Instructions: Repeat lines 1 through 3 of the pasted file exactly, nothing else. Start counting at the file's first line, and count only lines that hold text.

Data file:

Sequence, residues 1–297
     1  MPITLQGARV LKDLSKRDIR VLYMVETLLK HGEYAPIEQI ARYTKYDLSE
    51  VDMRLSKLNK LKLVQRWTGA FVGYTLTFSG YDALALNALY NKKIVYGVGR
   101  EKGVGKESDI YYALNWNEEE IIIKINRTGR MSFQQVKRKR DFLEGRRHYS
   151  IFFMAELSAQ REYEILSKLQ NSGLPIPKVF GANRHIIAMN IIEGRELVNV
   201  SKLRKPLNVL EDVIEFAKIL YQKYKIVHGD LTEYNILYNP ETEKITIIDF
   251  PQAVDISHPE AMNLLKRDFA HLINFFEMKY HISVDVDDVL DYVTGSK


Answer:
Sequence, residues 1–297
     1  MPITLQGARV LKDLSKRDIR VLYMVETLLK HGEYAPIEQI ARYTKYDLSE
    51  VDMRLSKLNK LKLVQRWTGA FVGYTLTFSG YDALALNALY NKKIVYGVGR